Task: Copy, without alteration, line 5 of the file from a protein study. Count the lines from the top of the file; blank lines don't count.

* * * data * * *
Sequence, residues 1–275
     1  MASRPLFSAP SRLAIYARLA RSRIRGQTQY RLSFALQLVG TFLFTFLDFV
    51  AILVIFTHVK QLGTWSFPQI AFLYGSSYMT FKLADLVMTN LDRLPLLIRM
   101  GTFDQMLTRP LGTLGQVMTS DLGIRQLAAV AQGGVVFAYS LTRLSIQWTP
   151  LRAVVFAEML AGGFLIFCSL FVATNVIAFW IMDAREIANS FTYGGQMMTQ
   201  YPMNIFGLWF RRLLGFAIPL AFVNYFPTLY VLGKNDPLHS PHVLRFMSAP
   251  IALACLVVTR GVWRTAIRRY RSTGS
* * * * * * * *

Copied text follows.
   151  LRAVVFAEML AGGFLIFCSL FVATNVIAFW IMDAREIANS FTYGGQMMTQ